If you've obtained a graph that is not linear in any of the
cases above, then perhaps your model of the energy levels needs
modification. Follow this link to find
We can chose an arbitrary value for E = 0 depending on where
we place the 'n = 1' energy state. If we chose E = 0 to be the
place where the electron is no longer bound by the atom, we would
need to place it where energy change is minimal. Theoretical analysis
tells us that the hydrogen atom can have an infinite amount of
states. If we set n = infinity to be where the electron is free.
So using our equation from before
where m is our slope (13.6) and b is our intercept, now b goes
to zero. We will find another reason to eliminate the y-intercept
when we talk about ionization.
Repeat the procedure and set up our new parameters.
here to return to the spectroscopy program.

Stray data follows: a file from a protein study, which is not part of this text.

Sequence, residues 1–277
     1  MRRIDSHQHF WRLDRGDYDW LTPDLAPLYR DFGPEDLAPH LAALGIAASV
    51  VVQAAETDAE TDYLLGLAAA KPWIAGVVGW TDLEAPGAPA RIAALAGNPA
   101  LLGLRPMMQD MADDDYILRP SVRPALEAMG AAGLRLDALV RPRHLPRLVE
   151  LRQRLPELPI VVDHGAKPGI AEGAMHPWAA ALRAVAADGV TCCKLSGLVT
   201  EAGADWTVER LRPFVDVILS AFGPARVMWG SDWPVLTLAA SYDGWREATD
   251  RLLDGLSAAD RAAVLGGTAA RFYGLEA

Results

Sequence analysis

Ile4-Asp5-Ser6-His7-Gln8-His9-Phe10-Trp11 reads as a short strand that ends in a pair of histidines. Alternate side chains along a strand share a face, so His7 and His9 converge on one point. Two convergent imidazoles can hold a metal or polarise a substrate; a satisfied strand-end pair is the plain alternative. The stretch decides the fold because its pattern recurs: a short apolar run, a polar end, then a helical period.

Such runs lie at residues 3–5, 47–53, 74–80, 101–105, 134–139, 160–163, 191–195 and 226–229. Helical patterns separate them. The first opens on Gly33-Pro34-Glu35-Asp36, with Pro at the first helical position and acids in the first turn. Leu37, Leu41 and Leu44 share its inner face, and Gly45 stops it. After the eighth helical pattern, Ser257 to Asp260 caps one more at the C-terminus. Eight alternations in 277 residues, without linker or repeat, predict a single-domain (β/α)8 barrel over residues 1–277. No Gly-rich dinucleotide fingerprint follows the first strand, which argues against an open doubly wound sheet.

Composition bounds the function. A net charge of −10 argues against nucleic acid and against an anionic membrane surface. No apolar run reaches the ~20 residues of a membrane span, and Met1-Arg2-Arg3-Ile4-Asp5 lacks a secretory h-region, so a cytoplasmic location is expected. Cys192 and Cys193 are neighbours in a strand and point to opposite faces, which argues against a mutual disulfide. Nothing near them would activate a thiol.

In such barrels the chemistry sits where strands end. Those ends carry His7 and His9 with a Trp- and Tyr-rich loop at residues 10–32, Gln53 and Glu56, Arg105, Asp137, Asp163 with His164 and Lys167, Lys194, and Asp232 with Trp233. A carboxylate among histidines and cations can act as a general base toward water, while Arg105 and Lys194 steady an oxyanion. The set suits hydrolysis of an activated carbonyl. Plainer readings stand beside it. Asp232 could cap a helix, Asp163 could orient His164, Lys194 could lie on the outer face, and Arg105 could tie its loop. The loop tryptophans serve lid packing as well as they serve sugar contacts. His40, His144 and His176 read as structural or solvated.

here to return to Davidson College
Now that you have run the program again, find the graph that reflects
your current diagram.
By adjusting the values of your energy level you should have
a linear equation which is similar to:
Where n = 1, 2, 3 ..., and E is energy. When you work with
experimental values the regression you should get close to 13.6,
but it still may not be exactly the same. In fact, the constant
itself is an approximation which is constantly being updated as
physicists find out more information.
For the most up-to-date, most accurate value see Fundamental
Physical Constants - NIST and search for "Rydberg constant
(also known as R) times hc in eV".
Now that we have looked at the spectra through programs, analyzed
the graphs from these programs we can start talking about how
the atom is making these transitions.